No tax deduction, qualified withdrawals are tax-free.

No tax deduction, qualified withdrawals are tax-free.





Contribution Limitations

$2,000 per year (Lower at high income levels.)

$12,000 per year (Legal strategies abound to contribute more if you want to and can afford it.)

$12,000 per year (Legal strategies abound to contribute more if you want to and can afford it.)


Lower contribution limitations

Not so much.

Pre-paid element won’t necessarily apply.



Believe it or not, this is a simplified version. I’ve tried to be as clear as possible, but that means taking out some of the exceptions to the general rules. It’s always a good idea to check with the person assisting you with your account set-up to make sure that things will be as you expect for your specific facts and circumstances.


All three of these account types provide you with the following:


·  Your contributions, while not tax-deductible grow tax-deferred (aren’t taxed each year).

·  If the money is taken out for qualified educational expenses, the distributions are tax-free.


You: Tax-free?


Yes! That’s huge, because it basically means that you can save money for your child’s education and, as it grows, it is never taxed. Over many years, this can make a major difference in the amount you have available for college expenses.  As a result, any one of these plans is a far better option than, for example, a taxable account.


You: How do these plans work?


529 savings plans are operated by states. 529 pre-paid plans are operated by states and private schools. Nearly any brokerage house (Fidelity, Schwab, etc.) can help you set up an education savings plan.


You: Which one should I choose?


While everyone’s specific facts are different, I believe most people should most seriously consider the 529 savings plan, as it has the most advantages and the least disadvantages.


While an educational savings plan is a fine choice, you are subject to lower contribution limits.  You do retain flexibility for where your child goes to school, which is a nice feature.


The 529 pre-paid tuition plan has very high contribution limits and tax-free withdrawals when done appropriately. However, the pre-paid tuition plan may be restrictive if your kid doesn’t go to the “right” school.  In other words, it’s less flexible. The money you saved won’t be wasted, but it might not go as far as you had planned in the scenario where your child does not go to the school you funded through your plan selection.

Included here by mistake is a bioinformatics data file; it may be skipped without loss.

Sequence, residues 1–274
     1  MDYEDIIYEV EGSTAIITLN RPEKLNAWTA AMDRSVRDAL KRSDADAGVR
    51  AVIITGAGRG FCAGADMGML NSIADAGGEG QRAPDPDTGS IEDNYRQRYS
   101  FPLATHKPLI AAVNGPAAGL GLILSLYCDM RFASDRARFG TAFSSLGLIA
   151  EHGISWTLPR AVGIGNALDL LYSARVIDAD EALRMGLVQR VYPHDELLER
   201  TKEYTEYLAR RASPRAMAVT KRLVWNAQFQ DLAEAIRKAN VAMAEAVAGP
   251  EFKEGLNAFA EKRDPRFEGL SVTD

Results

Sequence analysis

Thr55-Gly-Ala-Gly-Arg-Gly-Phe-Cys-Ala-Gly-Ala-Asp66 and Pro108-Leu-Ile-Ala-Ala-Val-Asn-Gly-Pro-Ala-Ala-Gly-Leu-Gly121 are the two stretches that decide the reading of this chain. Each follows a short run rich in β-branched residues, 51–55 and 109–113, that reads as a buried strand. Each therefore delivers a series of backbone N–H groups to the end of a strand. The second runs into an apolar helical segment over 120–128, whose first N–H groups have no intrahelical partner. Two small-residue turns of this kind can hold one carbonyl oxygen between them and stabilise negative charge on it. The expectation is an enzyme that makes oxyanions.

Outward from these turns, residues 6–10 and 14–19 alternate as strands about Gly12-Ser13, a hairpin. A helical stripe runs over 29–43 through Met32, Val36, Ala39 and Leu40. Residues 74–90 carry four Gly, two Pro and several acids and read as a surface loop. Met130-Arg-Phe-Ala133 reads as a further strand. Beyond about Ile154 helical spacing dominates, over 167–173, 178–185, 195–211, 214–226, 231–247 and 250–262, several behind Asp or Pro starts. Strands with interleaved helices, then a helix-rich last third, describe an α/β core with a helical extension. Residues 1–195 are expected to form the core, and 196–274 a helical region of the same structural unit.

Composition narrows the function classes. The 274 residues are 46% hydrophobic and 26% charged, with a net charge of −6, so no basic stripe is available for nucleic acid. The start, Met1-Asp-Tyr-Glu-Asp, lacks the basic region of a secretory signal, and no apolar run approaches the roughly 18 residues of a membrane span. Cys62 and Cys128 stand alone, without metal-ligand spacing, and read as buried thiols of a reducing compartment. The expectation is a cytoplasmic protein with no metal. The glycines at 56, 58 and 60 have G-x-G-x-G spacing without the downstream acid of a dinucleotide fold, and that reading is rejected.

The 529 savings plan has the most flexibility. It also has very high contribution limits and lets you keep control of the money—unlike a custodial account. Furthermore, you retain the ability to use the money at almost any college.  You receive all these benefits while retaining the all tax advantages featured in the other plans.


You: Should I pick the plan from the state I live in?


Maybe. In some states, choosing your own state’s plan can provide you with some state income tax advantages. It’s best to look that up on your own. Just go to your favorite search engine and enter the name of your state followed by the term “529 plan”




Of course, once you get your money in the account, you must invest it. You have a long-term horizon for your two-year old child’s education right now.  As such, most of the money should be invested aggressively—in stocks.


You:  What if I don’t want to be making investing decisions for my child’s education?


Gary: No problem! I’ll do it. Remember those annuities we were talking about?


No, Gary, we’re not going there. 


You’ve got to invest this money for your child’s education. Don’t just leave it parked in cash or turn it over to Gary.  You can do this. Here’s some good news:  one of the advantages of many 529 plans is that the money can be invested appropriately for you. You tell them the age of the beneficiary (your child) and they invest it accordingly.  If your child is young, they invest it aggressively, then gradually less so as your child gets closer to beginning college.


You: That sounds pretty simple.


It is. You just need to take the first step; to start saving now for your child’s education.


You: But 2022, when my child enters college, is a long way away.


It is, but don’t delay.  While it’ll be some time before the cap and gown from your child’s high school graduation are tossed up in the air, those items come down from the sky much quicker. Will you be ready when they hit the ground, or will you be caught—napping?